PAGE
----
When in place, the lined hard-top makes the cabin quieter. The color-matched roof panels also give the car’s sleek lines a distinctive presence that isn’t necessarily better — just different — from the normal contrasting color cloth top.

The Miata is probably the best of all convertibles at limiting in-cabin air turbulence. A small windbreak between the headrests certainly helps control wind flow around your shoulders, but the car’s size most likely contributes to this success, too. For devoted owners, this virtue most definitely extends your top-down driving season.

As you might expect the Miata’s cabin is snug. There is some small article storage in the doors and console, and the seats readily accept 6-foot-tall occupants without stress, yet the cabin is narrow and some might view their Miata experience more as “wearing the car” than riding in it. Instrumentation is crisply displayed, plus Mazda has made more features standard in recent years.

My wish list for changes is short. The manually adjustable driver’s seat could be a bit larger and offer more lateral support, but I suppose in the name of value and price, the current edition has served most buyers well enough. I liked the Miata’s Sirius satellite radio-equipped stereo (the Sirius signal is so much stronger here than XM), but you must twist the knob face 10 revolutions to get meaningful volume changes.

I have always felt that Mazda needed to offer a second, optional powerplant for the Miata. I doubt most buyers need more power a d the car does very well with its available power now b t after you have bought your Miata, or owned two or three, what do you aspire to? A different color paint scheme, a commemorative badge edition? How about a boost in power, say another 40-50-horsepower with a like-minded boost in torque? Wouldn’t that make for a more exciting Miata, a real hot-rod roadster that could challenge Audi TTs, Nissan 370-Zs and BMW Z-4s? Mazda already makes an excellent force fed 2.3-liter Mazdaspeed 3 package that features a whopping 263 p. Hitched to the Mazda’s adroit chassis, that would be a seriously fun package.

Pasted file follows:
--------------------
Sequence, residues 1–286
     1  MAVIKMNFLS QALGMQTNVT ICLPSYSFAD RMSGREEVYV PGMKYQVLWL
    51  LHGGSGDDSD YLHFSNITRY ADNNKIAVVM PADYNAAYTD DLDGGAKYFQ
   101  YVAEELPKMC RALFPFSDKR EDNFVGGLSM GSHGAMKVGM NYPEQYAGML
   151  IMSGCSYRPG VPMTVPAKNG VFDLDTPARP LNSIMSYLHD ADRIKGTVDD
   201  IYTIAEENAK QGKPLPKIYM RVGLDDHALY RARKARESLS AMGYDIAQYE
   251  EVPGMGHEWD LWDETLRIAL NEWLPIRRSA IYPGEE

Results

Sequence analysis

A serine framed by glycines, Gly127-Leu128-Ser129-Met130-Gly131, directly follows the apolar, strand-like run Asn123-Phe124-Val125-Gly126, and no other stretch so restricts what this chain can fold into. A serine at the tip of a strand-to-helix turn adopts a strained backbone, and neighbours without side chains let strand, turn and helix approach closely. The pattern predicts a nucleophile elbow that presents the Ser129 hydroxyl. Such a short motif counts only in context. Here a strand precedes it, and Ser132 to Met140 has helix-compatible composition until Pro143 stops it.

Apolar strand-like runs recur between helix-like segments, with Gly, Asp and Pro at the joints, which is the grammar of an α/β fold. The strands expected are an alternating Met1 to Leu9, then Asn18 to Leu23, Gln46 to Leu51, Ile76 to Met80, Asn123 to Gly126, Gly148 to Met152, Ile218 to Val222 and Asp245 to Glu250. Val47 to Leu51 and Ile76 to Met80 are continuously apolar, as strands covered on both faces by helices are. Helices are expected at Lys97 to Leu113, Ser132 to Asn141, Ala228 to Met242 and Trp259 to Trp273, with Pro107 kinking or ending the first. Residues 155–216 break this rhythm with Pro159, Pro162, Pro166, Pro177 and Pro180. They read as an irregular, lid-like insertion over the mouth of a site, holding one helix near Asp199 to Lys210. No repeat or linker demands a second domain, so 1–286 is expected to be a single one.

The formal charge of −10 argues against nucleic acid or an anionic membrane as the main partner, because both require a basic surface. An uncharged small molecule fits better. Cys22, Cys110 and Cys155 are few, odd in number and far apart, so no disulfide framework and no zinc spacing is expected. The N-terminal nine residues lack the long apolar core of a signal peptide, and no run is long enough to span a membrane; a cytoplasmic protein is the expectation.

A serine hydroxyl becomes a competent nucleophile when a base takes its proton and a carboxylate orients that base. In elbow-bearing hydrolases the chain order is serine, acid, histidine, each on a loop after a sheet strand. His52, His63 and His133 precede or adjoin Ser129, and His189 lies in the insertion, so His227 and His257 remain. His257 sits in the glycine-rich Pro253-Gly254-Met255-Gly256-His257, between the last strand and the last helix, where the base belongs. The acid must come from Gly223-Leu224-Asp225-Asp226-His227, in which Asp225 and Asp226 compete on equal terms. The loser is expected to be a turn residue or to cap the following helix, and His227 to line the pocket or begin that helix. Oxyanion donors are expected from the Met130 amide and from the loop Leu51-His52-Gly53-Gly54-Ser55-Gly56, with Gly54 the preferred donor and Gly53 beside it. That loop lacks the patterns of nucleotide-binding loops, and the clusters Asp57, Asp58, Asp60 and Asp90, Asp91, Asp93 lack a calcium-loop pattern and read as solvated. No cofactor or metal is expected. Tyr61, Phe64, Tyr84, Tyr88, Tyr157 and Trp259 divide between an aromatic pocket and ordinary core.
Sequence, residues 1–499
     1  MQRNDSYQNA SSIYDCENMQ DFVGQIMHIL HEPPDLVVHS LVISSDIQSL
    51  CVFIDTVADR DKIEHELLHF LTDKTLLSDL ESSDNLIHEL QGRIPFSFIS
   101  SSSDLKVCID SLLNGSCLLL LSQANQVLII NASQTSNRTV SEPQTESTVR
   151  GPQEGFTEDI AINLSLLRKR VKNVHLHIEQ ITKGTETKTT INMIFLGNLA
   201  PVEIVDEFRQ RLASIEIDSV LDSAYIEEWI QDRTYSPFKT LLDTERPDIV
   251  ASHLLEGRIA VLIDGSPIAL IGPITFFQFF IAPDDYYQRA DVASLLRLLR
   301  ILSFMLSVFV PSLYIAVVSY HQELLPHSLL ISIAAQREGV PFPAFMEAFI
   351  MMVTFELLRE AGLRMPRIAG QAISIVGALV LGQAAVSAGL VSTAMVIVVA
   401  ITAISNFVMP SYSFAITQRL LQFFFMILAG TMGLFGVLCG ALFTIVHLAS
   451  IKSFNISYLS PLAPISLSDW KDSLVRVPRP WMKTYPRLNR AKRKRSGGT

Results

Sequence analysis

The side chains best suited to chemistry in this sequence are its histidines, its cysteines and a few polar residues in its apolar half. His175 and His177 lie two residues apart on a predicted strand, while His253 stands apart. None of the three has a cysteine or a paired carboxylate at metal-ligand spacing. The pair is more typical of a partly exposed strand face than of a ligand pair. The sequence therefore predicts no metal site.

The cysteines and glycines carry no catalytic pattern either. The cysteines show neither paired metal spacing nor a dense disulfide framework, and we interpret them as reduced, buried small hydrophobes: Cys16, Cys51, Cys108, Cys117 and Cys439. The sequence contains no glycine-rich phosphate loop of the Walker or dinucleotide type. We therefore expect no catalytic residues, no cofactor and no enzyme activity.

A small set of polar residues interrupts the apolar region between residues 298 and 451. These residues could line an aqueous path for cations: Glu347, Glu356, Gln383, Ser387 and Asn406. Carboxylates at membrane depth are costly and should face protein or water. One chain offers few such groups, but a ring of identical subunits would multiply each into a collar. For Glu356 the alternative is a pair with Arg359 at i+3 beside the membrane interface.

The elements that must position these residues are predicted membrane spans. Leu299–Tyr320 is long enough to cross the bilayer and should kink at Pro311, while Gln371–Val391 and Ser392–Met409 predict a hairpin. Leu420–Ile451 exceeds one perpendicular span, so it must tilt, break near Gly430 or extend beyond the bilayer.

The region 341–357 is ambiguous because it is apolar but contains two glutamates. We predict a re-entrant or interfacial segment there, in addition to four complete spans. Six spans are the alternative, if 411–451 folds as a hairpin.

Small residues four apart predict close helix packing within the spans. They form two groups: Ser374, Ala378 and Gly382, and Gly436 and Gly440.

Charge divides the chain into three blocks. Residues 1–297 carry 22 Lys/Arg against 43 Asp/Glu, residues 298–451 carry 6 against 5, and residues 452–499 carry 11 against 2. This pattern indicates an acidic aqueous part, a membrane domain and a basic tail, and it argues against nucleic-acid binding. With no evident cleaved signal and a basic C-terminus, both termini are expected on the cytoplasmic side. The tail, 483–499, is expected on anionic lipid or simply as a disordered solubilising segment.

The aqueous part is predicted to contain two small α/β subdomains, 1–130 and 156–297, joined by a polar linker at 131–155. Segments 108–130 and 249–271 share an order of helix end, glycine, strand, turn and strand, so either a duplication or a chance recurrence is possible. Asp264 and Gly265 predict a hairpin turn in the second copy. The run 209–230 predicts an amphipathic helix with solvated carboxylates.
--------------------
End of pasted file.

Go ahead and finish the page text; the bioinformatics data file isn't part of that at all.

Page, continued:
Maybe Mazda’s engineers are reluctant to exploit this added power. Maybe they don’t want to upset the almost perfect 50/50 weight balance of the Miata. Maybe they just need the green light to make more money for a car company that has been neglecting its halo car.

Despite having a ball exercising the Miata for a week, I was just as impressed by the Mazda’s fuel efficiency as any other attribute. The faster I used the Miata, the better its mileage got, returning a weeklong average of 29 mpg. That’s one mile per gallon better than the EPA estimate. Unfortunately, Mazda recommends premium fuel for best results.

The Miata may be the industry’s purest product. It has never wavered from its intentions and continues to bring smiles to people’s faces. It is excellence personified.

Just the Facts: Mazda Miata

Mazda Miata pricing starts at $23,110 for the base Sport model with a five-speed manual gearbox. With an automatic, and some other features, the price rises to $25,370. The popular Touring model with six-speed manual starts at $25,450 while a Grand Touring begins at $27,810. PHRT special edition w/manual (tested) lists for $31,720.

Miata measures 157.3 inches long on a tiny 91.7-inch wheelbase. Base weight is 2,447 pounds and the low-speed turning radius is one of the smallest of all cars: 30.8-feet. The Miata is built in Hiroshima, Japan.

Power comes from a 2.0-liter inline four with variable valve timing. Output is 167 hp @ 7,000 rpms and 158 pound/feet of peak torque produced @ 5,000 rpms.

Physically, the original BMW Z3 is closest dimensionally to the Miata.

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Tim Plouff

Tim Plouff

Columnist at The Ellsworth American
Tim Plouff has been reviewing automobiles in the pages of The Ellsworth American weekly for nearly two decades.